TRANSCRIPTOME 2002: From Functional Genomics to Systems Biology
March 10-13, 2002
Seattle, Washington, USA


Downstream of an RNA Regulatory Protein Causing a Common Human Disease: Expression Profiling Human SMN-Deficient Muscle

Cinzia Brandoli1, Serenella Servidei2, and Eric Hoffman1, 1Children’s National Medical Center, Washington, DC, 2Neurology, Catholic University, Rome, ITALY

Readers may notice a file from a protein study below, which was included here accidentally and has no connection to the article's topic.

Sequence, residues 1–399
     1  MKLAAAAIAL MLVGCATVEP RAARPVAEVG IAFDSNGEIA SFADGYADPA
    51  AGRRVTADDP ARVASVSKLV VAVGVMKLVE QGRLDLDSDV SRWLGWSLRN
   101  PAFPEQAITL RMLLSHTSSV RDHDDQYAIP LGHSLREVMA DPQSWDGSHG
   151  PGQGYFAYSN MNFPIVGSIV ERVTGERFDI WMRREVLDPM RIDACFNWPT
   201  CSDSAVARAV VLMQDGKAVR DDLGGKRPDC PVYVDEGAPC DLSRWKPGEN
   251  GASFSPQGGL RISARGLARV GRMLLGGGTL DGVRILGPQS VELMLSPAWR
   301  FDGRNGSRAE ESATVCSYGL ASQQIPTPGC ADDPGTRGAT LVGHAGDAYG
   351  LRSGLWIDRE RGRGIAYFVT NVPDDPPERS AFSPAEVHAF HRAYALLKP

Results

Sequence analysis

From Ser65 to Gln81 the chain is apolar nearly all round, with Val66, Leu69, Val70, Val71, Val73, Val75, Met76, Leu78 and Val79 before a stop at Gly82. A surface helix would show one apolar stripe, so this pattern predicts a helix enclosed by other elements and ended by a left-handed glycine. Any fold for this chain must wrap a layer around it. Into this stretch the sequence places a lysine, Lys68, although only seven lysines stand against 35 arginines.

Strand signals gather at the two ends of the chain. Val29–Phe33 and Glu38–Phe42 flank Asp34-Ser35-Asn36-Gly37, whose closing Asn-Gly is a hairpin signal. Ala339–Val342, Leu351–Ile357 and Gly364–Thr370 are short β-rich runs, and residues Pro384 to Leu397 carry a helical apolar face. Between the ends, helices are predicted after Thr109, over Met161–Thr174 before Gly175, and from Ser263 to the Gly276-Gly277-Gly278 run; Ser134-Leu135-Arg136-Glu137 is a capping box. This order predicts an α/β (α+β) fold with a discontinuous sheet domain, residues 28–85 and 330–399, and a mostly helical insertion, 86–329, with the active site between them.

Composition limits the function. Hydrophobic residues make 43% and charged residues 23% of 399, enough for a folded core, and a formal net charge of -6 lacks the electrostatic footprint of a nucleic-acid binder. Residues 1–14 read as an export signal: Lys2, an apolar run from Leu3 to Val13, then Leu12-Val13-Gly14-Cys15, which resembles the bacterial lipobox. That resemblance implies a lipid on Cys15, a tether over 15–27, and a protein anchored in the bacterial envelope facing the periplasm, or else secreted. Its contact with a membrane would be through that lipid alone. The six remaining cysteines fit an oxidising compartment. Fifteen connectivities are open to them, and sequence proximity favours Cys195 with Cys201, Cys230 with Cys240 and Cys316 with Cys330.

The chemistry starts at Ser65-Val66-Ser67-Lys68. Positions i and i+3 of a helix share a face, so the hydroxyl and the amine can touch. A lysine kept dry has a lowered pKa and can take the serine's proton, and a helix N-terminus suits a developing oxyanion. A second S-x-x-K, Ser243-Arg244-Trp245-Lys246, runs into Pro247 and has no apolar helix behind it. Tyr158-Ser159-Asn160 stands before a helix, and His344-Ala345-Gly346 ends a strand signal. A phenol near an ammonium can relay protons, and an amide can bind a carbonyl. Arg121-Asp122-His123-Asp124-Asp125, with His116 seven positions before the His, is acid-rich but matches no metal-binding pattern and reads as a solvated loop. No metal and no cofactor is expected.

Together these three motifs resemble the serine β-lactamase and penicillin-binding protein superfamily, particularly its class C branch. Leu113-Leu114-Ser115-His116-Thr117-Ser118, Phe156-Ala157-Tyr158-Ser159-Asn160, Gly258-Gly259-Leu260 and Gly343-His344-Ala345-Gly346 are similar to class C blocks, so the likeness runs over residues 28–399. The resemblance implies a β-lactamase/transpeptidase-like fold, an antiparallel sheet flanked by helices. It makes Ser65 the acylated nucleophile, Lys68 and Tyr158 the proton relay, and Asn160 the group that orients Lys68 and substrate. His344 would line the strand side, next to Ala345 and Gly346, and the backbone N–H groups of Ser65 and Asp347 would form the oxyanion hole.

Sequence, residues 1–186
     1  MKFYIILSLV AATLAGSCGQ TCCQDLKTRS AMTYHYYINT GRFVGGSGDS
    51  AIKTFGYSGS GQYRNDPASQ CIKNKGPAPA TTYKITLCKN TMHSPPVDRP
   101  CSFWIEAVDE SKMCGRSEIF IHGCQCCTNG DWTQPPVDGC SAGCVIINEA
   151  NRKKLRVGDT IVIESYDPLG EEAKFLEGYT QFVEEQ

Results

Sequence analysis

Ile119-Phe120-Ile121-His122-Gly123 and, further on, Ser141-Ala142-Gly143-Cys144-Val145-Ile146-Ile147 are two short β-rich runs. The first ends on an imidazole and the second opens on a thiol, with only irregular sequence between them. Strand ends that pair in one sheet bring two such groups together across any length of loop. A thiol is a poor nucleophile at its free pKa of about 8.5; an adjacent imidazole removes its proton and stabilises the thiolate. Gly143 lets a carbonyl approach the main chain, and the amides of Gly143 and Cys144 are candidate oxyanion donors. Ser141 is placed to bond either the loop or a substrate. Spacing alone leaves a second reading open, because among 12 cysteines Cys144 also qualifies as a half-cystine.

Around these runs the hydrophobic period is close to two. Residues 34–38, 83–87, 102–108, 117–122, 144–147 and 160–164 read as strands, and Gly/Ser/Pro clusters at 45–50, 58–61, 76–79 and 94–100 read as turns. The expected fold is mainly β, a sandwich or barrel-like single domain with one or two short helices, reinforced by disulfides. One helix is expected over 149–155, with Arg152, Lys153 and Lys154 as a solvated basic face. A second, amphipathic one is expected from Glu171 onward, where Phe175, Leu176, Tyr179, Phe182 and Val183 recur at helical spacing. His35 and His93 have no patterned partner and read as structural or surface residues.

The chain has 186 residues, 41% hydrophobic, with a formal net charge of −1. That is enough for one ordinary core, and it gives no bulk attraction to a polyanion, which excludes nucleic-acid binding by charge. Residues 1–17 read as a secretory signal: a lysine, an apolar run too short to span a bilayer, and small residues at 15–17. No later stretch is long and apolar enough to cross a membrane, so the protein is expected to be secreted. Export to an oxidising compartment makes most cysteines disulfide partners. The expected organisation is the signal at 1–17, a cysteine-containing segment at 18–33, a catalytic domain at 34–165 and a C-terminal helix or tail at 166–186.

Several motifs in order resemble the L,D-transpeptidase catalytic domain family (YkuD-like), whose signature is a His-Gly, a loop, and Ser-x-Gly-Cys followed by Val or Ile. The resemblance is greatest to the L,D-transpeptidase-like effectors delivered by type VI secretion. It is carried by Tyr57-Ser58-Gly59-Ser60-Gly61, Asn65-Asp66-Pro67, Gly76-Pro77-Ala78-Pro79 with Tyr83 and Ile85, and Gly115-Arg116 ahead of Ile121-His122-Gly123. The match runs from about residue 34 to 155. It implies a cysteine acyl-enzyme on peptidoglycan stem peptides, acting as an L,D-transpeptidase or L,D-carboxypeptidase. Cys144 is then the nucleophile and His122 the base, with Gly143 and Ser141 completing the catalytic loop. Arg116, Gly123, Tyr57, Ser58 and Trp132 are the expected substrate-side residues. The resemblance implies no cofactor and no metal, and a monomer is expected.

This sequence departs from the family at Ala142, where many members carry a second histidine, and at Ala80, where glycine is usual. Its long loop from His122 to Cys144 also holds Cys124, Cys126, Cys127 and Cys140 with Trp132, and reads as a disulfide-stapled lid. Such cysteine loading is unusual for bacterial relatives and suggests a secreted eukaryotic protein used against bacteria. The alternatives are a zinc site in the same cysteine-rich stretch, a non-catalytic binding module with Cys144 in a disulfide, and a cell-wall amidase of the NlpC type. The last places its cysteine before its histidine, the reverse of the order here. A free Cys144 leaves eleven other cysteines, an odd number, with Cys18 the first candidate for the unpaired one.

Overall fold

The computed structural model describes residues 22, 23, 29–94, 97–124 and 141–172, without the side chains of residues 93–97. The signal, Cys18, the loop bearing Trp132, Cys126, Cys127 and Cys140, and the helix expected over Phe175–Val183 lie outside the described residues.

Spinal Muscular Atrophy (SMA type 1) is an autosomal recessive neuromuscular disease occurring 1 in 10,000 newborns. While the primary pathological feature of SMA has long been considered to be the loss of the cell bodies of alpha-motor neurons in the anterior horns of the spinal cord, increasing evidence points to important defects of the end target of the motor neurons, namely skeletal muscle. SMA is caused by reduction of the expression of the survival of motor neuron (SMN) gene, which is thought to regulate a series of downstream mRNAs, and the protein is highly concentrated at the neuromuscular junction.  Downstream targets have not yet been defined. We describe the use of gene expression profiling of muscle biopsies from human SMA type I infants and age/sex-matched controls to identify genes that were potential downstream targets of SMN mRNA regulation.  We found specific transcription factors to be highly down-regulated relative to normal age-matched controls, and disease controls (neonatal Duchenne muscular dystrophy patients).  Most striking was a 24-fold under expression of a specific Zinc finger transcription factor of otherwise unknown function.  These genes become potential down-stream targets of SMN regulation in muscle.

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